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Hell, cowpies and every girl’s dream

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Ever ask yourself, isn’t it time they made a movie based on an underground comic book about a cigar smoking demon who saws off his horns and fights evil for the bureau of paranormal research and defense? If so, today’s your lucky day. Hellboy has arrived.

Director Guillermo Del Toro ( Mimic, Blade 2) stays faithful to the original Mike Mignola comic and delivers a visually stunning action movie with a nice dose of humanity and romance. And it goes like this: Back in the day, the Nazi’s, evil bastards that they were, hired an evil monk to open the gates of hell and unleash a heavy hitter to help them kill everyone. Good plan, except the Americans stopped them just in time and the demon, Hellboy, was raised by an American scientist to fight evil for the FBI. Suddenly it’s the present day and Hellboy leads as normal a life as any demon can. He’s even in love. The evil monk, pissed off and holding major grudge, comes back with a vengeance and it’s up to Hellboy to save humanity.

Comic book stuff, but actor Ron Pearlman plays Hellboy superbly, bringing humour and human emotion to the role. Del Toro’s action sequences are spectacular and the film was shot in the Czech Republic so it has that dark, gothic, evil comic book feel that fits the story perfectly. Basically, Hellboy rules.

From good comics to crappy cartoons Disney’s Home on the Range is about a cow who farts a lot trying to save her patch of paradise from an evil land grabber. The cows win in the end, which doesn’t come fast enough. Voiced by annoying sounding Rosanne, bored Randy Quaid, and I-really-need-the-work-because-everything-I-do-sucks-so-much Cuba Gooding Jr, Home on the Range is nowhere near as much fun as throwing dried cow pies at your buddies’ heads. Even kids should be able to see through this crap.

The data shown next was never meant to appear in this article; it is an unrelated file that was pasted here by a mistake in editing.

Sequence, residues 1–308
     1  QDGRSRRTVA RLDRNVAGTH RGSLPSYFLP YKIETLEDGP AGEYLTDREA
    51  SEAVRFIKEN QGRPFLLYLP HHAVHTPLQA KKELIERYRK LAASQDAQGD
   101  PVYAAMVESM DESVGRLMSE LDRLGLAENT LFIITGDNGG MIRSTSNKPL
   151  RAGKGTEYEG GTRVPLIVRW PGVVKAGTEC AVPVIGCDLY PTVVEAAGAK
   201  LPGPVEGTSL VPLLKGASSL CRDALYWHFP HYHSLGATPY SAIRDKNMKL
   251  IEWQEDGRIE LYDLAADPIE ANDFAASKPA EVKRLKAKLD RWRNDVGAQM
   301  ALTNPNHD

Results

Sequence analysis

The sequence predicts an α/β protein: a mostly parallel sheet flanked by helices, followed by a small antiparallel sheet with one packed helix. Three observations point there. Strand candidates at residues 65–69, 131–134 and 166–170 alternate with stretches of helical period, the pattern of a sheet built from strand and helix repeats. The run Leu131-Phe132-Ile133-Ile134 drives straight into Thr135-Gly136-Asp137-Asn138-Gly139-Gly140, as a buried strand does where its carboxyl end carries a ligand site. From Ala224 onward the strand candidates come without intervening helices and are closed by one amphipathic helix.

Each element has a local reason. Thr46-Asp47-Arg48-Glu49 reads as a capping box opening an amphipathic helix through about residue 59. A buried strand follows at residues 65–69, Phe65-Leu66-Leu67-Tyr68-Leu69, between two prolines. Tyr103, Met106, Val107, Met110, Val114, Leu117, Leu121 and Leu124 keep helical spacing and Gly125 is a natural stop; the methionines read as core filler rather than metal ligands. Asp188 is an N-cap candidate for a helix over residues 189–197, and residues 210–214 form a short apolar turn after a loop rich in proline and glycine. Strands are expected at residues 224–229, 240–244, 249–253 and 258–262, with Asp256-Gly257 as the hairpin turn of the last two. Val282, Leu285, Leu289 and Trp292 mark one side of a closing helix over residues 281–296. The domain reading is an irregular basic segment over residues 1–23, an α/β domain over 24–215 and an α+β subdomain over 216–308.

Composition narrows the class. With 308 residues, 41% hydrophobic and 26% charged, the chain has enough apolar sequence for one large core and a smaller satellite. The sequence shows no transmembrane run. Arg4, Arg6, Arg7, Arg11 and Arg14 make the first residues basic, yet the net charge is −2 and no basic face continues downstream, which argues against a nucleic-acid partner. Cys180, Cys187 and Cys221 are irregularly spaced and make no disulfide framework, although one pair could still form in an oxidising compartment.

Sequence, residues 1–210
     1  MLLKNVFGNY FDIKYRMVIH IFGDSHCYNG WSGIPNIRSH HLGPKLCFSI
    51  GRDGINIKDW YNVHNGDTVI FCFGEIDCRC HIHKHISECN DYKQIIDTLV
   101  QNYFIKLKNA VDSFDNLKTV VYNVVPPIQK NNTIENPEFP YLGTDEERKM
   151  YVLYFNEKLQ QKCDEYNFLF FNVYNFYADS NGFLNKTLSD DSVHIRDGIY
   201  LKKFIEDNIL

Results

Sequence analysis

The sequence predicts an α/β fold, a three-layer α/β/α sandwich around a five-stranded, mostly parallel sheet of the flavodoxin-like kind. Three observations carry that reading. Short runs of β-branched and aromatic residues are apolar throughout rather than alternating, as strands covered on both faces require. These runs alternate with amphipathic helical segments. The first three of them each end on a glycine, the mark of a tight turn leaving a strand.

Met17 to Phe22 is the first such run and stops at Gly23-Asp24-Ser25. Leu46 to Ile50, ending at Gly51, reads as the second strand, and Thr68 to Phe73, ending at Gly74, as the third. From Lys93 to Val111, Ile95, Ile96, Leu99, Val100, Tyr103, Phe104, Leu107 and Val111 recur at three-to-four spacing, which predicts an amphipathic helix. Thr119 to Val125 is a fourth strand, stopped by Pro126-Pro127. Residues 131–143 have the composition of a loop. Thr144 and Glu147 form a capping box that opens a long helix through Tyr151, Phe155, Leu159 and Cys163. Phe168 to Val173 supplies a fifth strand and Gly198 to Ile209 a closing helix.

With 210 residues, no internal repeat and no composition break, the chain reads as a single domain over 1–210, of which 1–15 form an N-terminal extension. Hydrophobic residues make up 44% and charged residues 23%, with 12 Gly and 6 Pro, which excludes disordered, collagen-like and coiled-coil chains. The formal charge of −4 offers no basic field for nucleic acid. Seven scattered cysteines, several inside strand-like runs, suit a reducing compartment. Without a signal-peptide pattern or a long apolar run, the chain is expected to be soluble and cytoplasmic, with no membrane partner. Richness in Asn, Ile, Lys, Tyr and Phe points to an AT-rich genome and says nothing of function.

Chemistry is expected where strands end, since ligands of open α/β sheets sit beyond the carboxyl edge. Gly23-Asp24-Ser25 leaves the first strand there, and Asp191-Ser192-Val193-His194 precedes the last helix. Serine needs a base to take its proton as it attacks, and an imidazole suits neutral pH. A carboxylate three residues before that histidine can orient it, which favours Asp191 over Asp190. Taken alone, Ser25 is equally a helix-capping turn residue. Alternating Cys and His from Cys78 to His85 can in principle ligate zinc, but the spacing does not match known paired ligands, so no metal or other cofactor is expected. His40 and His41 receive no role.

And as if we weren’t sick enough of Hollywood trying to put "cool" stuff together to make a buck Walking Tall stars The Rock (who rules) and Johnny Knoxville (who kinda rules) in a remake of an old revenge flick from the early ’70s. The Rock is a special forces guy who comes home to find his town corrupted by a casino/drug scene and he decides to become sheriff and lay the smackdown. The Rock is poised to be the next big action hero and Knoxville steps up as a decent funny sidekick, but Walking Tall lacks the social commentary of the original and the script could use some tightening. Decent, if you’ve got nothing better to do, but it won’t change your life.

However, The Rock totally kills it in the DVD of the week, which is The Rundown. These days action movies are pretty basic but The Rock really proves himself in this one. The opening scene alone is worth the price of the rental. He’s no Angelina Jolie but The Rock has me sold. The age of the ’roided out, muscle-bound action star is over, but The Rock has the right mix of charisma and humour to bring it back but better this time, without the stupid accent. (Can you really believe Schwarzenegger is an elected official? What’s wrong with that country?)

Besides all that, the only other movie opening at the Village 8 has got me really perplexed. It’s called The Prince and Me and it’s a romantic comedy about the Prince of Denmark (yeah he’s clever enough to quote Hamlet) falling in love with a regular girl (Julia Stiles, acting as well as she ever has). The movie is completely chick-flick, and young chick flick at that. But I like Julia Stiles and the girl I want to spend most of my time with hates her. Therein lies the problem.

Can I convince this amazing girl to accompany me to a movie so obvious and witless yet featuring a hot chick living every girl’s fantasy – to hook up with a prince. I bet I can. The Prince and Me is total Cinderella-style, school-girl escapism. But I’ve got no problems with that: Julia Stiles rules, deal with it baby.

At Village 8 April 2-8: Hellboy, The Prince and Me, Home on the Range, Walking Tall, Ladykillers, Jersey Girl, Scooby Doo 2, Taking Lives, Starsky and Hutch.

At Rainbow Theatre Apri. 2-8: Lord of the Rings.

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